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Ecology and Epidemiology

Identification, Isolation Frequency, and Pathogenicity of Anastomosis Groups of Binucleate Rhizoctonia) spp. from Strawberry Roots. S. B. Martin, Department of Plant Pathology and Ecology, The Connecticut Agricultural Experiment Station, 123 Huntington Street, P.O. Box 1106, New Haven 06504; Phytopathology 78:379-384. Accepted for publication 17 June 1987. Copyright 1988 The American Phytopathological Society. DOI: 10.1094/Phyto-78-379.

Rhizoctonia spp. were isolated from roots of strawberries (Fragaria ananassa) in Connecticut during the spring of 1985 and 1986 and the fall of 1986. R. solani (AG-5) was isolated infrequently (2.7% in 1985; 3.1% in 1986) in comparison with binucleate Rhizoctonia spp. Three anastomosis groups (AG) were identified among the binucleate Rhizoctonia spp.: AG A, AG G, and AG I. Isolates grouped in AG G were obtained more frequently than those in AG A or AG I in spring samples (42.9 vs. 26.1 and 15.4% in 1985, and 56.1 vs. 14.0 and 26.8% in 1986). There was a higher percentage of recovery of AG I compared with AG G or AG A in samples collected in fall 1986 (72.7 vs. 14.7 and 7.9%, respectively). Frequencies of isolation of isolates in particular anastomosis groups differed among farms and among fields within farms. Isolates obtained from different roots of the same plant usually belonged to the same anastomosis group. Isolates obtained from each anastomosis group were pathogenic, but at 15 C, those belonging to AG I induced significantly greater disease severity on strawberry than AG A or AG G isolates.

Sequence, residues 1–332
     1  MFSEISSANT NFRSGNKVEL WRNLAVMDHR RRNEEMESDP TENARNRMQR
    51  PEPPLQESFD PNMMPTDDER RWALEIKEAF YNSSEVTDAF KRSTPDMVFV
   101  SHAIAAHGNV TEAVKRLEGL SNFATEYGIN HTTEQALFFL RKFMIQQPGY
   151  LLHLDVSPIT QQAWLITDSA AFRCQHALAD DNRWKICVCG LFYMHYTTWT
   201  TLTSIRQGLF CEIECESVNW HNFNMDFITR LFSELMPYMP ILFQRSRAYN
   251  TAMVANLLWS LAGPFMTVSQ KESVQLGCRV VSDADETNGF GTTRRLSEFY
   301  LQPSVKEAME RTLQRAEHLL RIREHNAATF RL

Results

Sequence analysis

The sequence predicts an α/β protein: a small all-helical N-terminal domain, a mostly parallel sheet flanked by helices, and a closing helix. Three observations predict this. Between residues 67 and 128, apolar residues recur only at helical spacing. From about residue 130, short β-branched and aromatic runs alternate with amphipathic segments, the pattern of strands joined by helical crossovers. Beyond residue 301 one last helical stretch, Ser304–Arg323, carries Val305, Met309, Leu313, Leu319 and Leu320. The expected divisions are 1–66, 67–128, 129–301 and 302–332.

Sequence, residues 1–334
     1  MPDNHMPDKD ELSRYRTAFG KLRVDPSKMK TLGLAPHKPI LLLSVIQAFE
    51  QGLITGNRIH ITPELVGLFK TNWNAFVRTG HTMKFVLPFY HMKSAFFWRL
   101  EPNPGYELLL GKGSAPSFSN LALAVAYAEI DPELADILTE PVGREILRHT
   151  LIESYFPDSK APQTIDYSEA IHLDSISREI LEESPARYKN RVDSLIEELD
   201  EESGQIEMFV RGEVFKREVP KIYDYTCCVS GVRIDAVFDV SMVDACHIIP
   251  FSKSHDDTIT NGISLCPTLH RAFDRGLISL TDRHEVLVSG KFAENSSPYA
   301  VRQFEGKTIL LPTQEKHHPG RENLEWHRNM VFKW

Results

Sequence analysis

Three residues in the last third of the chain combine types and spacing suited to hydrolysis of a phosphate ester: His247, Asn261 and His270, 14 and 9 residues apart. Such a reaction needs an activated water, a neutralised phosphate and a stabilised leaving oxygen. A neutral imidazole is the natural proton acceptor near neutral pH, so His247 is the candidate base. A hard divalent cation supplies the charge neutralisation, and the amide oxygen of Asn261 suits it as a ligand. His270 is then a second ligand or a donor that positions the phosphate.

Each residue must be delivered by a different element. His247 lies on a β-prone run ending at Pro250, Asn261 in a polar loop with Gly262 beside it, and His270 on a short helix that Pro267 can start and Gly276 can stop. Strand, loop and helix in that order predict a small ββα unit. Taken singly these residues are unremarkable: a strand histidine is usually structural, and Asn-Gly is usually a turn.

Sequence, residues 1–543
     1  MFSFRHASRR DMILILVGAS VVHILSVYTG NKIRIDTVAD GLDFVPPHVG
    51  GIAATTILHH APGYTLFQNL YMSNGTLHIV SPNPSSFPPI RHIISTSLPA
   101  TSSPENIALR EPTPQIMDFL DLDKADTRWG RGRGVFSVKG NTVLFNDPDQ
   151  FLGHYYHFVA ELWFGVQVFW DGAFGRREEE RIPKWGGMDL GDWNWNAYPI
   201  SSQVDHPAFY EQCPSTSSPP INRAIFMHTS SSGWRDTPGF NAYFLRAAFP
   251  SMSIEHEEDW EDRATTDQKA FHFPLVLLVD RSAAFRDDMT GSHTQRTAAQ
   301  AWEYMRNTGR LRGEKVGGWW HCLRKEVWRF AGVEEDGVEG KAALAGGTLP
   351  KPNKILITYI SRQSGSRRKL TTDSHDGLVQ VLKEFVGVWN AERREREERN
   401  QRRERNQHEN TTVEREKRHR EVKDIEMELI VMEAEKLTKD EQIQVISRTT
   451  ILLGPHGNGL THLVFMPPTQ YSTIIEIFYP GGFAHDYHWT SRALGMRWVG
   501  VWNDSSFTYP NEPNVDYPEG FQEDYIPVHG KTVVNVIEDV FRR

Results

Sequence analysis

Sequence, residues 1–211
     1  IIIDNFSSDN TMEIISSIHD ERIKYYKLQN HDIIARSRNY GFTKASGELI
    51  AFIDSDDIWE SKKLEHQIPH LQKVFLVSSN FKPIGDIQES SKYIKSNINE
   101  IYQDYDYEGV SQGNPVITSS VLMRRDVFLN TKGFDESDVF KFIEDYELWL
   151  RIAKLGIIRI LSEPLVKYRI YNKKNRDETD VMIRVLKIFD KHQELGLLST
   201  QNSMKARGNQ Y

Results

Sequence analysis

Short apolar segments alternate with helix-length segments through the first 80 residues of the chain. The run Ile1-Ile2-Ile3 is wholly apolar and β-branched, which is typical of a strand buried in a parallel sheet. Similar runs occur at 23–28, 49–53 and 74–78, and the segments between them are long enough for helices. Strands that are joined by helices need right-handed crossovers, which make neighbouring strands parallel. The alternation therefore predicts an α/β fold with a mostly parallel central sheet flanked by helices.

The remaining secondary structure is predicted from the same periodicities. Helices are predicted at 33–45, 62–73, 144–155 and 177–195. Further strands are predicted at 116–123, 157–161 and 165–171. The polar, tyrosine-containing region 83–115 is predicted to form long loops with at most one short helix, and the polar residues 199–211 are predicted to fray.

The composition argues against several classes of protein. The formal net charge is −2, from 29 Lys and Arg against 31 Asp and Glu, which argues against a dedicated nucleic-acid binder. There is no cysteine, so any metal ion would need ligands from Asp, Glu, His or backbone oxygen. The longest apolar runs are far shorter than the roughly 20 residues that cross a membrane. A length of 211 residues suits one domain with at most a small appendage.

Additional keywords: black root rot, Ceratobasidium sp., soilborne pathogens.